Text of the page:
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Acoustic Treatment vs. Soundproofing: What’s the Difference?

Acoustic treatment and soundproofing are two parts of a strategy many workplaces use to manage noise. Sound strategies often focus on topics such as how to deliver optimal sounds in virtual meetings or ensure seamless, professional sound during large events. Yet for employees working in open-floor environments or businesses trying to cope with busy cityscapes just outside the door, finding solutions to lower the noise and control the environment is crucial.

It can also be important to control sound to ensure secure spaces exist and protect highly confidential conversations or discussions from leaking to outside spaces. Let’s take a closer look at what acoustical treatment and soundproofing are and best practices for implementing them in your workspaces.

Understanding Environmental Sound

Every office has an environmental soundscape made up of what’s happening inside the room and what’s happening beyond it. How effective is the room at highlighting important sounds, such as the conference call everyone’s on, or amplifying the impact of a person speaking? At the same time, does the room effectively muffle the sound of talking nearby, cars driving by, and other external sounds, or are occupants left distracted?

According to the Center for Disease Control (CDC), an estimated 22 million workers are exposed to noise pollution at work every year. That said, organizations can employ a simple three-step approach to develop an effective response to managing environmental sound.

Both acoustic treatment and soundproofing play an important role in managing environmental sound, and often, they are used synonymously. However, they are two distinct concepts and solve different problems. Understanding how each of them operates gives IT and business leaders a wider range of tools to select from when developing solutions to ongoing sound challenges.

Soundproofing 101: The Structure of Privacy

Soundproofing ensures that a room has the physical infrastructure or treatment needed to muffle or block sound from entering or leaving it. For example, if lawyers are conducting sensitive conversations about pending legal issues or HR is having confidential employee discussions, a soundproofed space can be critical to protecting privacy.

In many cases, effective soundproofing begins by looking at how well constructed a space is — and where there are gaps that may be addressed. Typically, soundproofing relies on factors such as:

  • Thick walls or floating walls that decouple the sound paths between rooms.
  • Floating or heavily insulated and soundproofed floors to keep the noise levels down.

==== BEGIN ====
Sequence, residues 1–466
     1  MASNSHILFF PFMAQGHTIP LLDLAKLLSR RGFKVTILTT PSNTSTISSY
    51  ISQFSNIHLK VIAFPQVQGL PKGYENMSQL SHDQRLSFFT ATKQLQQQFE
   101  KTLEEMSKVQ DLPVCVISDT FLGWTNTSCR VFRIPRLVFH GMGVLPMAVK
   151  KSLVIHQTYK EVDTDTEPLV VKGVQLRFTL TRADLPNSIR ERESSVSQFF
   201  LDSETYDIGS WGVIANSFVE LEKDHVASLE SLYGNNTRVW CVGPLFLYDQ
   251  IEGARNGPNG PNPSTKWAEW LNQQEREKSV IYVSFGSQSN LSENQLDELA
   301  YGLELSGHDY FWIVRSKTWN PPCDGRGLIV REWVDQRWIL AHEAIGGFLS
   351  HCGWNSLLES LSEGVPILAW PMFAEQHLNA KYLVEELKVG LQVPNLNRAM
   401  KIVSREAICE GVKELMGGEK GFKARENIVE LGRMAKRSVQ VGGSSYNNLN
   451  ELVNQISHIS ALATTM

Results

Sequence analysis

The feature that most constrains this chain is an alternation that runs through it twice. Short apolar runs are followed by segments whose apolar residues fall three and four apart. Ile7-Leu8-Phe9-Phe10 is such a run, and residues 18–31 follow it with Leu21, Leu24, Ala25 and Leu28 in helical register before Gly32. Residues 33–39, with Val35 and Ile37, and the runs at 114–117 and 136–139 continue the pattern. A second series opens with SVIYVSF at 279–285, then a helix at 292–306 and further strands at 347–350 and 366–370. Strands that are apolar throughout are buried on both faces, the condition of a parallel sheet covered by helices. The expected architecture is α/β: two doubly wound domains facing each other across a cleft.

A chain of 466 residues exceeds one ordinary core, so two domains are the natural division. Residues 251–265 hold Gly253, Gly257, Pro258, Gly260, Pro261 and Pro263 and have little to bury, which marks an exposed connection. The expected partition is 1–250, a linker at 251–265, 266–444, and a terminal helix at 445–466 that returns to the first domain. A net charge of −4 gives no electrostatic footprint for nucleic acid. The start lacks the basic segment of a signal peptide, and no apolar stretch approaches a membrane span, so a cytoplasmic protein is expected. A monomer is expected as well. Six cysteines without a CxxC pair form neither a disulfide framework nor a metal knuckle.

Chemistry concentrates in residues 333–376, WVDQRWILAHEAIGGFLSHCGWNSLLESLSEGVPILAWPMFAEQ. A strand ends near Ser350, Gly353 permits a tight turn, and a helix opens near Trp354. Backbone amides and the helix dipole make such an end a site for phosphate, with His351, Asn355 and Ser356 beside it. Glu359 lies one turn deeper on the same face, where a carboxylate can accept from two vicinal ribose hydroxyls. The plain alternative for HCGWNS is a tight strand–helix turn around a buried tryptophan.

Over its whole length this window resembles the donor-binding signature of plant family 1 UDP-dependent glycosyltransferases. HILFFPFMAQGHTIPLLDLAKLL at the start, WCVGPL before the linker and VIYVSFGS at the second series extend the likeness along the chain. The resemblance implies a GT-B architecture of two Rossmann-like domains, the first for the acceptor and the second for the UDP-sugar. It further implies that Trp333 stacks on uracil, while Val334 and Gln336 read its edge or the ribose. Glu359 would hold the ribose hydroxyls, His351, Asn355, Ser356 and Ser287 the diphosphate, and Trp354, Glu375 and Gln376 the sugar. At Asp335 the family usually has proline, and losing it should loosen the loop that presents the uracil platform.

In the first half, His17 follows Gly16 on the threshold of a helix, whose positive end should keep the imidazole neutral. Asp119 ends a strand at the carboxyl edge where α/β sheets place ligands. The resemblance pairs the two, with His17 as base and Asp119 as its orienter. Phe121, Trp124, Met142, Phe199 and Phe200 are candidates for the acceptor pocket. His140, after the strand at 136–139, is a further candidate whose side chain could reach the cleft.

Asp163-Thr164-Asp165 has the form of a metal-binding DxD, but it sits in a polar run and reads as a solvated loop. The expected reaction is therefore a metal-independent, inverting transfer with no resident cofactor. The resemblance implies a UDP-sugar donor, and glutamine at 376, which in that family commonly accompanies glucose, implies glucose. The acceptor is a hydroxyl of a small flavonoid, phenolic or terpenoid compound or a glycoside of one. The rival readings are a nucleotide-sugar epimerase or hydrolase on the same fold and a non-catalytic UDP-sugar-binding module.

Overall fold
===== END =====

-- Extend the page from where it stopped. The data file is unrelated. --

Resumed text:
• Ceiling shock mounts that help dull the sounds between floors.
  • Sealing gaps and thoroughly sealing doors and windows.

When developing soundproofing strategies, it’s important to assess the sounds you’re working to manage and develop a holistic plan that addresses both the larger structure of a space as well as windows, doors, and even electrical outlets. Soundproofing is easiest to address during the construction phase, although it’s also possible to implement these types of changes on a more limited basis or through targeted renovations.

Acoustic Treatments: Control Even More Sound

Acoustic treatments improve sound quality and further limit sound bleed into other areas by focusing on how sound is reflected or absorbed by walls, furniture, and other aspects of the interior environment. It’s all about controlling echo and reverberation. Hard, flat surfaces, such as walls, can be made to absorb sound more effectively, while curved diffusers can effectively scatter sound.

Getting this balance right can keep sounds in and unwanted sounds out without creating a dead zone or negative repercussions such as echoing and reverberation. And while soundproofing and acoustic treatments are quite different, acoustic treatments may be an option to better control the flow of sound in a room when full soundproofing isn’t an option due to time or budget considerations.

Common acoustical treatments include:

  • Sound panels made out of materials such as fabric, fiberglass, and cellulose that help block sound transmission and limit reverberation and echo.
  • Foam panels designed to absorb sound, which can be most effective when strategically placed to align with a room’s architecture.
  • Ceiling treatments that help manage absorption and diffusion of sound from above.
  • Diffusers that help scatter sound and direct where it flows.

Next Steps

If your organization is facing environmental noise challenges, you’re not alone. Investing in solutions to better manage the flow of sound can help minimize distractions, improve focus, and preserve sound quality in the spaces where conversations and meetings are happening.

By taking a multi-layered approach that involves soundproofing and acoustic treatment, leaders will be positioned to implement solutions that are right for their unique needs, budget, and workplace culture.

A person measuring a wall with a ruler.

Soundproofing and acoustic treatment can help reduce noise in the environment.